Cross Country Gets No Respect

The Boys and Girls Cross Country teams at this years’ state championship.
From Left to Right:
Top Row: Will Cowley, Aiden Cass, Katarina Boskovic, Shea Hamel, Erin Vasu, Hannah Rooney, Ella Barton, Kitty Luong
Bottom Row: Jonah Barresi, Lily Tracy, Zach Elfman

Here we are in November, so many months after Tommy Li, arguably Longmeadow’s best ever runner, broke the school record in the mile with the time of 4:21, and yet the Track record board still hasn’t been updated. “When the best talent we have had in one of the most successful sports here at the school sets a record that will hopefully stand for many years, the school is slow with action,” said Edgar Gebhardt, who is a senior at Longmeadow High School along with being a cross country and track athlete for the past four years.

I’m sure if a lacrosse, football, soccer, or a more popular sports record were broken, great strides would be made to plaster it all over the school, and a flurry of announcements would be made honoring the record. By no means am I trying to discredit if such records are broken because when they are, it is an amazing accomplishment for the team, the school, and the athlete. However, when a track record has been standing for almost 40 years and it’s broken in one of Li’s last ever races, I think more respect and effort should be given to make sure that record is at least put on the board.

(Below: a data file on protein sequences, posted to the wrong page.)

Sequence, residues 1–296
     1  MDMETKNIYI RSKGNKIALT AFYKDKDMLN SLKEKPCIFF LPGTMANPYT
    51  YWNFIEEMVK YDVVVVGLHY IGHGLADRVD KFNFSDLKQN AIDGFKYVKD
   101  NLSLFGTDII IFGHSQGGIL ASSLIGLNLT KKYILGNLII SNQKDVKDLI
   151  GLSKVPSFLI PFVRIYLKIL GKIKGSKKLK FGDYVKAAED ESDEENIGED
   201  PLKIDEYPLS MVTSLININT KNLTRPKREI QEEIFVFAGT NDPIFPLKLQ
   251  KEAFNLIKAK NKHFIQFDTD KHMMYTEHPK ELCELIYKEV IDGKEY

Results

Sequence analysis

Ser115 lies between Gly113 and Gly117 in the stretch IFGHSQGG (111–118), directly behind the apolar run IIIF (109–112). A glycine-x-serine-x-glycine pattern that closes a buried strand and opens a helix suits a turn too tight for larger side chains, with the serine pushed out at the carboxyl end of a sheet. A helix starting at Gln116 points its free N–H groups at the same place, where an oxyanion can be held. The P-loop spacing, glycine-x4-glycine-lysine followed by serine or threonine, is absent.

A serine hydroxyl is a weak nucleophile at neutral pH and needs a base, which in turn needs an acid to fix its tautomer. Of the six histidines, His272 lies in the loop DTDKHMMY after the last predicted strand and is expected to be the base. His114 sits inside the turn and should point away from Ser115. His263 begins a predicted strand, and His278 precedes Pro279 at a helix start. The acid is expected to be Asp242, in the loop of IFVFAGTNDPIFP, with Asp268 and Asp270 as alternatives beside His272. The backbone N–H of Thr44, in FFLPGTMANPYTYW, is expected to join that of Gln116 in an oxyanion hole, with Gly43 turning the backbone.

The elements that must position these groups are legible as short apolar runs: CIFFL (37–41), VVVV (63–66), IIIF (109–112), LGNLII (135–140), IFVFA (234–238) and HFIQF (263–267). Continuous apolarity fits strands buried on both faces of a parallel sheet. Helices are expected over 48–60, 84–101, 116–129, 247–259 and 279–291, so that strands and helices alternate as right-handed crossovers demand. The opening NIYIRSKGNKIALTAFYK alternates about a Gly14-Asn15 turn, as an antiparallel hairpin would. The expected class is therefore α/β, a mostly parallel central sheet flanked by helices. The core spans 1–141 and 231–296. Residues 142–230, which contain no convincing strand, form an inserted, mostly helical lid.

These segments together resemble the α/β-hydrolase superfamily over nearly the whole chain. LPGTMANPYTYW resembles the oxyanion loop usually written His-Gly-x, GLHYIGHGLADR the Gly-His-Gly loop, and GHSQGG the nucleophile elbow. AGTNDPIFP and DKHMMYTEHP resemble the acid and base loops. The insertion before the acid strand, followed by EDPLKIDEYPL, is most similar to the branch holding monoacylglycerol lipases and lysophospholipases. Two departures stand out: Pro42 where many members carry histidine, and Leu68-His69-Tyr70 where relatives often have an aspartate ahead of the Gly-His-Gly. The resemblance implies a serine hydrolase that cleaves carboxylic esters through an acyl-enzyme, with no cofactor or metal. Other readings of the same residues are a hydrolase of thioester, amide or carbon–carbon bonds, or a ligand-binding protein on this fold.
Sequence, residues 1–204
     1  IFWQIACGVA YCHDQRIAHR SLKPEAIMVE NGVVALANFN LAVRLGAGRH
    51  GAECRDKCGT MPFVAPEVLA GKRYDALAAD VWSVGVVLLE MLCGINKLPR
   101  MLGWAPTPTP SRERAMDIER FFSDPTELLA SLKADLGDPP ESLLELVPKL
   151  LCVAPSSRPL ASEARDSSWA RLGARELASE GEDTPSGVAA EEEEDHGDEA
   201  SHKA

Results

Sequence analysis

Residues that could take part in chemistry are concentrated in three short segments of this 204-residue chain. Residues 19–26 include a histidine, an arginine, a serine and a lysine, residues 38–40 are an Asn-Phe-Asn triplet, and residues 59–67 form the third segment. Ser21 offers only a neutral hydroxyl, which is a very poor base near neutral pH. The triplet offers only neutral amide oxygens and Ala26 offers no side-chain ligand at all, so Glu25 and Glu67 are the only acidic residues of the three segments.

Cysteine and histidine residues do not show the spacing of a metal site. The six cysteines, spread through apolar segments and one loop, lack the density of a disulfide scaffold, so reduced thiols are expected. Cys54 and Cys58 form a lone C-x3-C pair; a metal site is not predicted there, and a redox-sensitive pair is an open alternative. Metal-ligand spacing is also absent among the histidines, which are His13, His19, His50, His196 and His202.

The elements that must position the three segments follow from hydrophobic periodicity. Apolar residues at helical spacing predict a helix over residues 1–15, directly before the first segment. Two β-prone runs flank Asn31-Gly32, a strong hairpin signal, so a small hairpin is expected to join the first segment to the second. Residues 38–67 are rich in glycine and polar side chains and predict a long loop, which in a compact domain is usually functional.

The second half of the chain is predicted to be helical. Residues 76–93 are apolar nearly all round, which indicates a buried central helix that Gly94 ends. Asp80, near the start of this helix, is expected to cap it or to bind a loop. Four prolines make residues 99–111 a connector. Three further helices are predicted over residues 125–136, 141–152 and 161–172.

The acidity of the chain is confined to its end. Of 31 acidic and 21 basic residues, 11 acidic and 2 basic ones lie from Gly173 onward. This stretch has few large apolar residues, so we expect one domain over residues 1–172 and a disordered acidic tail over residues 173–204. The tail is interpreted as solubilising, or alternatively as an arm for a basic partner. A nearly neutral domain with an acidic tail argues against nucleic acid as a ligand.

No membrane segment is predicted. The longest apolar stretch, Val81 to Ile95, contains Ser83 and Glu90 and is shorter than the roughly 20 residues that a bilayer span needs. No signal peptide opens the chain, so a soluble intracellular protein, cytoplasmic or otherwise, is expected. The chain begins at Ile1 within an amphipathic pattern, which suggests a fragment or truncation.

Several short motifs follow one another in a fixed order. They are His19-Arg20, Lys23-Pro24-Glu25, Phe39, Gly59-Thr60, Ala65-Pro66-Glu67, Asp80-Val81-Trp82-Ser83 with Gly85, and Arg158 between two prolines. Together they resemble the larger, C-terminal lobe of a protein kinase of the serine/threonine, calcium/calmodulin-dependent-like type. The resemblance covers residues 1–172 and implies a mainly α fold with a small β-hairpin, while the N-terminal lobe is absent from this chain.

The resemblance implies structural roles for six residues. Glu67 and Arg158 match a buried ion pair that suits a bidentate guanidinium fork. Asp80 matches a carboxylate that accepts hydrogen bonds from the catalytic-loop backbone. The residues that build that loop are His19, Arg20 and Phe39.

Gebhardt agrees, along with adding the overall feeling that track and cross country as a whole deserve more respect, “I know that not only does Tommy’s milestone deserve to be treated with more respect, but so do the track and cross country teams. Success in any sport should be recognized, not just those that are deemed more “popular” or “important”.

Will Cowley, another senior at Longmeadow High School, finishes his last ever dual-meet XC race at Amherst high school with a first-place finish of a time of 17:17. The only thing on his mind is the hope that the rest of his teammates can finish well enough to win the division and Longmeadow’s first-ever banner.

Due to the hard-fought meet and pay off from constant hard work and training, both the girl’s and boy’s cross country teams were the only undefeated fall sports teams at Longmeadow, both winning their division in spectacular fashion. The only issue is the two most successful teams this fall got hardly any recognition.

Besides family members and close friends, hardly anyone would show up to meets to cheer on and help their school’s team. It’s important to note that yes, watching cross country races may not be the most eventful thing, but that shouldn’t take away from the fact that you should feel obliged to cheer on your school’s team, and hey, don’t you want to watch a winning team?

Shea Hamel is a senior at Longmeadow High School, and just like Gebhardt, has been doing cross country and track for four years. Hamel believes “XC deserves more recognition because we have slowly been making our way to one of the best teams in WMASS for the last four years. This year we have actually won the division and every official meet we have had. This can’t be said by any other fall sport this year”.

The point of this piece is not to undermine the successes of other teams and their apparent recognition, because all teams deserve to be recognized for their successes. The point is to bring the lack of recognition to Longmeadow’s more impressive teams to light, and hope that both cross country and track, along with their athletes, get the respect and acknowledgment they deserve.

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